A critical friend is ideally a peer (e.g. if you’re a researcher, this would be another researcher or a research partner) or someone who has a perspective that you would find helpful in your own self-examination. Even more ideal is a reciprocal critical friendship where two or more people act as critical friends for each other. Meetings of critical friends are ideally regular (at a pace that works for them – e.g. every quarter, every 6 months, monthly, etc.).
The critical friend process also works best when it is intentional and systematic. This ‘systematic’ approach could involve for example, the development of a document that charts out a person’s values, vision and trajectory that is then shared with a critical friend to garner feedback and discussion. In this systematic process, the researcher/organizer can: a) more concretely articulate in writing or orally their current research/organizing program, plans, praxis, dilemmas and b) set aside specific and regular times for their critical friend to touch base and discuss progress.
The critical friend takes time to digest this and give thoughtful feedback through dialogue. Long-term critical friendship relationships can be rewarding and help researchers to improve their praxis over time, but short-term (even one-off) encounters can also inject new perspective into a researchers practice.
Practical Guidance for Critical Friends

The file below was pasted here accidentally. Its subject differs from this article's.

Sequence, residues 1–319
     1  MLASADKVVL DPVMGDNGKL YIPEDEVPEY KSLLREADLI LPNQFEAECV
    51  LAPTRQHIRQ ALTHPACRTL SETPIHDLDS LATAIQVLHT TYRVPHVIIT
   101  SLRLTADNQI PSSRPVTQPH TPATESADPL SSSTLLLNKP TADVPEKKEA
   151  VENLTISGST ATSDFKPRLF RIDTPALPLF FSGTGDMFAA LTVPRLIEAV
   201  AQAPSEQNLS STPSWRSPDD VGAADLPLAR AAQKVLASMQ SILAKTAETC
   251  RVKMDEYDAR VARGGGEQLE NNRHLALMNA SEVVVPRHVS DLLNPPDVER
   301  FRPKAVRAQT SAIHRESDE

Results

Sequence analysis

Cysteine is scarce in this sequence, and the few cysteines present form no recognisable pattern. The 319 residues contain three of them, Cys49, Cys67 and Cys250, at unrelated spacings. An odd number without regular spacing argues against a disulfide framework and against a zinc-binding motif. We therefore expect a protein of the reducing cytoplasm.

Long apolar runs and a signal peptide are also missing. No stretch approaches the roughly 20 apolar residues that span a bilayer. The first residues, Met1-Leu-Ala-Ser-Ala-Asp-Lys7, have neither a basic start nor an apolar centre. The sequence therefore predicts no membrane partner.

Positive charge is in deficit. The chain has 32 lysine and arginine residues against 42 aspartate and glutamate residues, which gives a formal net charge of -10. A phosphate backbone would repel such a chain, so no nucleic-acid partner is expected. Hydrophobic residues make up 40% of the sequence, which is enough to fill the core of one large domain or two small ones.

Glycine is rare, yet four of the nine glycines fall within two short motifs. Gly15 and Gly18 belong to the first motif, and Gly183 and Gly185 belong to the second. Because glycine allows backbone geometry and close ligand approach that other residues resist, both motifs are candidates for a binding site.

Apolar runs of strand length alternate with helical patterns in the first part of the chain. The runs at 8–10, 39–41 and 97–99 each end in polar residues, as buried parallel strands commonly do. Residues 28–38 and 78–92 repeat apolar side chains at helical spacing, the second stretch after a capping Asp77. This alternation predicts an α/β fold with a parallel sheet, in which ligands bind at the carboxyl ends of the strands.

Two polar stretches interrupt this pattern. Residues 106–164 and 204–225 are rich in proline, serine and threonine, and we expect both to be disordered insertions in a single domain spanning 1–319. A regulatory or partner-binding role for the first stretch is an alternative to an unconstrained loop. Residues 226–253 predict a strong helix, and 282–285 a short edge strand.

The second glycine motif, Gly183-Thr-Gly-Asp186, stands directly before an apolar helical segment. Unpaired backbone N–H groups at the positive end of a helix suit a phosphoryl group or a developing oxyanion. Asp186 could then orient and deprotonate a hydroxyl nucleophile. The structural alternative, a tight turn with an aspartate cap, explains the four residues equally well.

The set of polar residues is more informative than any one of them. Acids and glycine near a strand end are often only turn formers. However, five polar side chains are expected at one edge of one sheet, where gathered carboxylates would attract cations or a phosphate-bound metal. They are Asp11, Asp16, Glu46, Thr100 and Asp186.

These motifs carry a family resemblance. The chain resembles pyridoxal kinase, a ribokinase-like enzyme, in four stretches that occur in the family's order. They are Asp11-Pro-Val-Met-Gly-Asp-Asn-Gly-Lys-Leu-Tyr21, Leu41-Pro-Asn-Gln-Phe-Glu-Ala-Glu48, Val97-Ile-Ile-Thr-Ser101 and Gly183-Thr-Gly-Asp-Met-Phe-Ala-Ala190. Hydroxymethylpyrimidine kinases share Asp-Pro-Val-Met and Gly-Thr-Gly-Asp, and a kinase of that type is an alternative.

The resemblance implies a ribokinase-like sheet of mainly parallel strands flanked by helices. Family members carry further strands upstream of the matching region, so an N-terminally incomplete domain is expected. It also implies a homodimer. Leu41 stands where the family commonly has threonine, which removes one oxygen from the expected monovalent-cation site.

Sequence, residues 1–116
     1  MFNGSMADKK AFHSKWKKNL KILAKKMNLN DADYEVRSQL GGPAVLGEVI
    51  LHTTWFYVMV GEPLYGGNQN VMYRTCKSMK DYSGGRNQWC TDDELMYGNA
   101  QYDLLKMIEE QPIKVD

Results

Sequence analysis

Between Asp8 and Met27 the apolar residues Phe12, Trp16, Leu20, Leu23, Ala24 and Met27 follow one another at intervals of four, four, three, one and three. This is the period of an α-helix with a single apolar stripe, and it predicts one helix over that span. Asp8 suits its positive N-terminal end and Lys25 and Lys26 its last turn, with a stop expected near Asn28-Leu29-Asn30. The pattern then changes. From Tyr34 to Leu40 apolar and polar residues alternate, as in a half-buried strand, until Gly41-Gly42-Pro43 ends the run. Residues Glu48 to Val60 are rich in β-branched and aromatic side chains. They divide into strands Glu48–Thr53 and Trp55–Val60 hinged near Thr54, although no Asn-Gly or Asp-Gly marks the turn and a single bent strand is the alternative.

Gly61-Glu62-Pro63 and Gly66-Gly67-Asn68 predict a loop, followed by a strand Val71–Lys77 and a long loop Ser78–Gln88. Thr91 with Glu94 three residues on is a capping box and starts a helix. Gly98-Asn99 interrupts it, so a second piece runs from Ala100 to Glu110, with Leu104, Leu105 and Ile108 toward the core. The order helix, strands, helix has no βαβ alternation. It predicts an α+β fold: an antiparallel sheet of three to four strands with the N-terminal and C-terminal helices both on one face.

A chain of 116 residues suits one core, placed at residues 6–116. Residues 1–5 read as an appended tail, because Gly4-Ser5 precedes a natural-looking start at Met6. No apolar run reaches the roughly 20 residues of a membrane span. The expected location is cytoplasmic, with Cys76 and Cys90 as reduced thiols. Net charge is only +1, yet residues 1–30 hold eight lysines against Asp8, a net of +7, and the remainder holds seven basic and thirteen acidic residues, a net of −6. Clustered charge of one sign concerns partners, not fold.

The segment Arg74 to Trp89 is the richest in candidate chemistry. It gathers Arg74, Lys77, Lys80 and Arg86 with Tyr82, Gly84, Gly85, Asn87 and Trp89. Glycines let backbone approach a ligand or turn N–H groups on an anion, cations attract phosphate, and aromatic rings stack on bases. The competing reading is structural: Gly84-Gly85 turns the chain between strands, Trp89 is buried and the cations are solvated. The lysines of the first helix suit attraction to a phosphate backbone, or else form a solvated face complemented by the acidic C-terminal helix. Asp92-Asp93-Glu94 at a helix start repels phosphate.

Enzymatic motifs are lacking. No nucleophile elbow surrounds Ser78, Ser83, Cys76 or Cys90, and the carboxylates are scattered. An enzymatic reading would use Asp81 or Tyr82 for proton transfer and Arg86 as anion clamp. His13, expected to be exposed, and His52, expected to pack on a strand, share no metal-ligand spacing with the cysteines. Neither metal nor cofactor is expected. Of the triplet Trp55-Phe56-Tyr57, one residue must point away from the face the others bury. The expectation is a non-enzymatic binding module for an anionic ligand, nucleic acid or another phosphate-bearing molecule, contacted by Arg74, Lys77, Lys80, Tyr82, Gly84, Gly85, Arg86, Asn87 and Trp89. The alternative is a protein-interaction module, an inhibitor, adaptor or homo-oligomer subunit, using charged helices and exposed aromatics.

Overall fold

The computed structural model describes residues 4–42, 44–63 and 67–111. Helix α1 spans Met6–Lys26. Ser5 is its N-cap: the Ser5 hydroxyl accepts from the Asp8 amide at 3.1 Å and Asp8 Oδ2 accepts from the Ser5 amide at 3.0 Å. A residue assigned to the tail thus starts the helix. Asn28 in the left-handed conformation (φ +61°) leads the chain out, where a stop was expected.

As a first step to setting up a critical friendship, it might be helpful to share and discuss this brief and then discuss a way to systematize this through an intentional and regular process. It can also be helpful to have multiple critical friends in order to rotate roles and introduce different dynamics.
Providing and receiving feedback can be uncomfortable—while the purpose of a critical friend is to be critical and provide honest and constructive feedback, approaches based in compassionate communication and horizontality can help critical friends to avoid judgement and condescension in their feedback. Here are some tips for getting the most out of your exchange:
- Ask clarifying questions. Before providing a critique, clarify the meaning of what was shared, the goals it seeks to accomplish, or how the person is thinking about it. Sometimes, the critique can simply be a matter of communication.
- Base critique in observation. Starting critiques with “To me it sounds like you’re saying . . . ” or “I think this could be interpreted as. . .” can give space for avoiding potential issues in miscommunication.